JERUSALEM — Israel’s national museum said Tuesday it will open what it calls the world’s first exhibition devoted to the architectural legacy of biblical King Herod, the Jewish proxy monarch who ruled Jerusalem and the Holy Land under Roman occupation two millennia ago.
The display includes the reconstructed tomb and sarcophagus of one of antiquity’s most notable and despised figures, curators say.
Modern-day politics are intruding into this ancient find. Palestinians object to the showing of artifacts found in the West Bank. The Israeli museum insists it will return the finds once the
About 30 tons of artifacts — including hundreds of tiny shattered shards pieced back together — are going on display at the Israel Museum in Jerusalem in a nine-month exhibition opening Feb. 12.
Museum director James Snyder said the exhibit, “Herod the Great,” is the museum’s largest and most expensive archaeological project to date.
“It’s a name that’s always on everyone’s lips,” Snyder said, “And yet there has never been an exhibit devoted to his material.”
Herod was vilified in the New Testament as a bloodthirsty tyrant who massacred Bethlehem’s male children to try to prevent the prophesied birth of Jesus. He is also said to have murdered his wife and sons.
Herod was also revered for his ambitious building projects, including his lavish desert palaces and an expansion of the Second Jewish Temple complex in Jerusalem. The Western Wall, today the holiest site where Jews are permitted to pray, was a retaining wall for the compound.
Herod’s final grandiose project was to prepare for death. Curators believe Herod constructed an extravagant, 80-foot-high tomb. Israeli archaeologist Ehud Netzer spent 35 years of his career searching for it.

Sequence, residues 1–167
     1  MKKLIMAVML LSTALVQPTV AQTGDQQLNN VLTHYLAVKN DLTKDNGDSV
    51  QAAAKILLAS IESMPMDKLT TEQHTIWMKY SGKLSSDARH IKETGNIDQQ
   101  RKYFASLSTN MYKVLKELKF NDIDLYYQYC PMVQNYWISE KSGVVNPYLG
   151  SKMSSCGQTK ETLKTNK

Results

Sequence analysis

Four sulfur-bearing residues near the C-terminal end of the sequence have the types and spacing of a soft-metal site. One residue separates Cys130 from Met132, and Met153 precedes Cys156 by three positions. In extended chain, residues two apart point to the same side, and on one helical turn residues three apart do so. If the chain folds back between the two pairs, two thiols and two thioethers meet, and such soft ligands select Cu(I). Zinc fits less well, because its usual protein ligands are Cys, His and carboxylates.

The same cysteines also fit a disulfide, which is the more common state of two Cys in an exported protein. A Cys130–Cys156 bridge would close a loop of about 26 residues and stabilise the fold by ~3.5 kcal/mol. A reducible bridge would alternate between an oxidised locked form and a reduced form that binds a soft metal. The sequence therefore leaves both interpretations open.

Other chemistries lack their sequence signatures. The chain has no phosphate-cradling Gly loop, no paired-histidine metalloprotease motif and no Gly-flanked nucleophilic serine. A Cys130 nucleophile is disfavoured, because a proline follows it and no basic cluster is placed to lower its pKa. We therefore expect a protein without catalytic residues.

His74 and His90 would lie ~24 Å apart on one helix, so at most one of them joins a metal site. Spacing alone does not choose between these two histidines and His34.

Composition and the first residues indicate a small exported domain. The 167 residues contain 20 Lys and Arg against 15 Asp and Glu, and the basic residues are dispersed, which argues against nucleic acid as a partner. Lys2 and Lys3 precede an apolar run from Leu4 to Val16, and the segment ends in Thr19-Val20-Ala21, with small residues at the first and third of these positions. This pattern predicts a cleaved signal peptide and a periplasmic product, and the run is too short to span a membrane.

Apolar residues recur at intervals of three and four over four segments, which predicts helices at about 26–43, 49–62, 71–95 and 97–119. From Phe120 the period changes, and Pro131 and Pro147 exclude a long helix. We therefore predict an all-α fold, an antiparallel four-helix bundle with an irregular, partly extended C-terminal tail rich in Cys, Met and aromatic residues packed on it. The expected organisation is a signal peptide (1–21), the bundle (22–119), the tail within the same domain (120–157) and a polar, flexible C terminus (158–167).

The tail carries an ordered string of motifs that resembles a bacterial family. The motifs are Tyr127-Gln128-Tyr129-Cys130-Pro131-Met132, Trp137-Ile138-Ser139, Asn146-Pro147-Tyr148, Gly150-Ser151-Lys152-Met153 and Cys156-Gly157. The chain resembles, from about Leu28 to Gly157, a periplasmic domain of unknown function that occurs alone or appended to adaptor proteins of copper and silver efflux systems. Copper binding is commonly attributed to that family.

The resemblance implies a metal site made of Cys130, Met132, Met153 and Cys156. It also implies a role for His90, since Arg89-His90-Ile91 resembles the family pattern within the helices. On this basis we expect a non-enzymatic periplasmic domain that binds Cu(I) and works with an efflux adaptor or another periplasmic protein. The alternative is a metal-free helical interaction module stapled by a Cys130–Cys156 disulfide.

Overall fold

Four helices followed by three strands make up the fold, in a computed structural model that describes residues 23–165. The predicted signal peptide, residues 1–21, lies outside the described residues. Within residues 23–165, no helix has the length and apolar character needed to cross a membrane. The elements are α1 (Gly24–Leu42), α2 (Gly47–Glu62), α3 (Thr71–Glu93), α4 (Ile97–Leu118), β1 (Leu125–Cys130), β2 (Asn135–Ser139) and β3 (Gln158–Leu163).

In 2007, Netzer drew international attention when he announced he had found what he believed was the tomb at the Herodion, the ruler’s winter palace, located on a cone-like hill that still today juts out prominently in the barren landscape of the Judean Desert, near the West Bank city of Bethlehem.
In 2008, the archaeologist approached the Israel Museum about creating an exhibit that would display artifacts from one of the greatest finds of his career. While surveying the Herodion site with museum staff, Netzer fell to his death. Museum staff pushed forward with planning the exhibit.
In 2011, the museum used a crane to remove dozens of half-ton columns and the roof of what Netzer identified as the top floor of Herod’s tomb, which he thought held his sarcophagus. Each stone was affixed with an electronic chip so it could be more easily put back together at the
Three sarcophagi were found at the site, and curators believe one was Herod’s. Although it bears no inscription, it is made of a special reddish stone, found smashed into hundreds of pieces. The Jewish zealots who took over the Herodion after Herod’s death likely smashed the sarcophagus to pieces, destroying the symbol of a man who worked with the empire they were rebelling against, curators said.
“It’s not 100 percent. But archaeology is never about 100 percent,” said co-curator Dudi Mevorah. “The circumstantial evidence points to one man.” The sarcophagus will also be on display.
Archaeologist Joe Zias, who did not participate in the excavation or the exhibition, said he believes the tomb was likely that of Herod.
“It’s a monumental tomb out in the middle of nowhere in a place he built for himself,” Zias said. “It’s as authentic as one could ask for.”
The museum exhibit also features a reconstructed throne room from one of Herod’s palaces in Jericho, and a full-sized replica of Herod’s theater viewing room at the Herodion, incorporating detailed fresco wall paintings and other decorative elements that museum staff collected on site.
There are still pieces of the puzzle left to assemble. At the museum’s lab Tuesday, workers were still rushing to fit together all the small stucco wall lining pieces found to display in the exhibit. One fresco wall painting, found in tiny fragments, has taken two and a half years to reassemble.
The museum’s exhibit is almost entirely made up of finds from the West Bank — a point of contention with the Palestinians.